SureSpot is an open-source end-to-end encrypted messaging platform which uses symmetric key encryption and has security as a built-in feature instead of an add-on.

Note: SFLC.IN does not recommend Telegram as a safe alternative to WhatsApp. Telegram does not have end-to-end encryption automatically enabled (You can enable end-to-end encryption in Telegram by using secret chats). It has not shared any transparency reports in the past, and its servers are not open source.

D. How does the updated terms compare with the terms applicable in the EU region?

While the updated terms for users across the world mandate data sharing with Facebook, the privacy policy for residents of the EU does not explicitly state that their data would be shared with Facebook. It has also been clarified by WhatsApp Ireland LLP that “WhatsApp does not share European region WhatsApp user data with Facebook for the purpose of Facebook using this data to improve its products or advertisements.”

Information Collected:

a. Third-Party Service Providers:

In the terms applicable across the world, the Privacy Policy explicitly states that “when we share information with third-party service providers and other Facebook companies in this capacity, we require them to use your information on behalf and in accordance with our instructions and terms.

However, the Privacy Policy applicable on residents of the European Union does not explicitly mention that data is shared with Facebook Companies. It has a separate section on data shared with Facebook Companies and it states that any information WhatsApp shares on this basis cannot be used for the Facebook Companies’ own purposes

b. Third Party Services

There is a significant difference in the sections on third party services.

The section of Privacy Policy applicable across the world except the EU reads as When you or others use third-party services or other Facebook Company Products that are integrated with our Services, those third-party services may receive information about what you or others share with them. For example, if you use a data backup service integrated with our Services (like iCloud or Google Drive), they will receive information you share with them, such as your WhatsApp messages. If you interact with a third-party service or another Facebook Company Product linked through our Services, such as when you use the in-app player to play content from a third-party platform, information about you, like your IP address and the fact that you are a WhatsApp user, may be provided to such third party or Facebook Company Product. Please note that when you use third-party services or other Facebook Company Products, their own terms and privacy policies will govern your use of those services and products.”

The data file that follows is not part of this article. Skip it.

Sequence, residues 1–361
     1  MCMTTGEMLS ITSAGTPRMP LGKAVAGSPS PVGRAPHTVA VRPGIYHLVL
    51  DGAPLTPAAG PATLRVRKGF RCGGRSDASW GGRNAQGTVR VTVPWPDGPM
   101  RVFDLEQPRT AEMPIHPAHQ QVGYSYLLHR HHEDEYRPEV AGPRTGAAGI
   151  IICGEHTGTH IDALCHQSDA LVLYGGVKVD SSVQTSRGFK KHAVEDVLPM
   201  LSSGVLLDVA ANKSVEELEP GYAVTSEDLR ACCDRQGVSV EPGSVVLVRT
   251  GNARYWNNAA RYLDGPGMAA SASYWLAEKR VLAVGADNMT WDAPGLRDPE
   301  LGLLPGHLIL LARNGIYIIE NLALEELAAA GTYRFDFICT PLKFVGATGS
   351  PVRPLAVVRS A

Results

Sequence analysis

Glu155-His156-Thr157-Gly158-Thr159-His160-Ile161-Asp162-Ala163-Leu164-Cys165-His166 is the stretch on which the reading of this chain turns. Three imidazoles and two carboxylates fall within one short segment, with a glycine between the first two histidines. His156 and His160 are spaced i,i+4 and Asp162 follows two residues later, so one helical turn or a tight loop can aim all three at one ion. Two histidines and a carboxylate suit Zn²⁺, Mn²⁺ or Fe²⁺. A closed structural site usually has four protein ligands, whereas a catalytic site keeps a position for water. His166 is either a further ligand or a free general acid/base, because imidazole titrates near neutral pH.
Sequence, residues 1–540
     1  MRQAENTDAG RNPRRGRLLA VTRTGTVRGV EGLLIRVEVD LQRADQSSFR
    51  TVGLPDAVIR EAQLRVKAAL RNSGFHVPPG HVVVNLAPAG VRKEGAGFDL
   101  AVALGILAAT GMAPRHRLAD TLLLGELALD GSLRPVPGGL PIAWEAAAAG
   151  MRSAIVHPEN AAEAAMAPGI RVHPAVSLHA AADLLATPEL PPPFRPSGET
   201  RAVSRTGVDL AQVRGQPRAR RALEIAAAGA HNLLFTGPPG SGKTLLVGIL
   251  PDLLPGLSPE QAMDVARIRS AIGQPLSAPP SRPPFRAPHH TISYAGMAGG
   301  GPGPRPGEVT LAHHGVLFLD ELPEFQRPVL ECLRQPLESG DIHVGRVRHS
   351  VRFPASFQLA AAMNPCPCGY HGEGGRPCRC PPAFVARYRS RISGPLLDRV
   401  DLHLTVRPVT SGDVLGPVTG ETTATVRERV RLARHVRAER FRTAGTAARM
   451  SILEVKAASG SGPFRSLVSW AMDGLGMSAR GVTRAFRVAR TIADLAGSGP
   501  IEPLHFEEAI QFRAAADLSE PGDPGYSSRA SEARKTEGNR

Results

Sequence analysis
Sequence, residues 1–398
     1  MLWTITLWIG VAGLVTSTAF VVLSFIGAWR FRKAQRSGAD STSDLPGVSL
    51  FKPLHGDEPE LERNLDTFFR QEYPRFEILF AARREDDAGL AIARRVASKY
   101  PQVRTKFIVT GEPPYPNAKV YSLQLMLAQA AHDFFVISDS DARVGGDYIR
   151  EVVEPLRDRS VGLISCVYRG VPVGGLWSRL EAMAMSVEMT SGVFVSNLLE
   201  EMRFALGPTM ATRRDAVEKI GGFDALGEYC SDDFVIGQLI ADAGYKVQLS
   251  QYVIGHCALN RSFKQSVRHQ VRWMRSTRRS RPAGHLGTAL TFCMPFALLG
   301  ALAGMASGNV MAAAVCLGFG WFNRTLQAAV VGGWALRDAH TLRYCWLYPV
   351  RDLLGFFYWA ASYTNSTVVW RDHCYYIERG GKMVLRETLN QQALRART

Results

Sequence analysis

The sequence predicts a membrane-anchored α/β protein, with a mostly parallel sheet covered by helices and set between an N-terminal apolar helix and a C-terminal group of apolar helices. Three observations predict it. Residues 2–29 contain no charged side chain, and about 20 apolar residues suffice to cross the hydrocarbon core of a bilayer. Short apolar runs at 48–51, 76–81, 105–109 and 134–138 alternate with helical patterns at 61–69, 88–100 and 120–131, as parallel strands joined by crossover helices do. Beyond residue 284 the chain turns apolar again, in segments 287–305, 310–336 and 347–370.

Simply put, Facebook or other third parties may receive information about what users or others share with them. In case, a user interacts with a third party service or Facebook Company Product linked to WhatsApp, their IP address, and that they are a WhatsApp user would also be shared with such third party and Facebook Company Products.

However, the provision on third party services in Privacy Policy applicable on the EU region reads as We allow you to use our Services in connection with third-party services and Facebook Company Products. If you use our Services with such third-party services or Facebook Company Products, we may receive information about you from them; for example, if you use the WhatsApp share button on a news service to share a news article with your WhatsApp contacts, groups, or broadcast lists on our Services, or if you choose to access our Services through a mobile carrier’s or device provider’s promotion of our Services. Please note that when you use third-party services or Facebook Company Products, their own terms and privacy policies will govern your use of those services and products.”

This Policy nowhere states that any information including IP address or that a user is a WhatsApp user would be shared with third parties and Facebook Company Products.

Legal Basis for Processing Data and How WhatsApp Processes Information

While these provisions are present in the privacy policy of the European region, they are not present in the privacy policy applicable on users across the world. The Policy for European region also has a section on erasure of data.

c. Difference in Signing-Up Age

While the terms applicable on people across the world requires a user to be of 13 years of age or more to be able to sign up for WhatsApp, the terms based on EU region requires 16 years to be the minimum age of signing up to WhatsApp.

You can read on why WhatsApp’s newspaper ad is misleading here.

Related Posts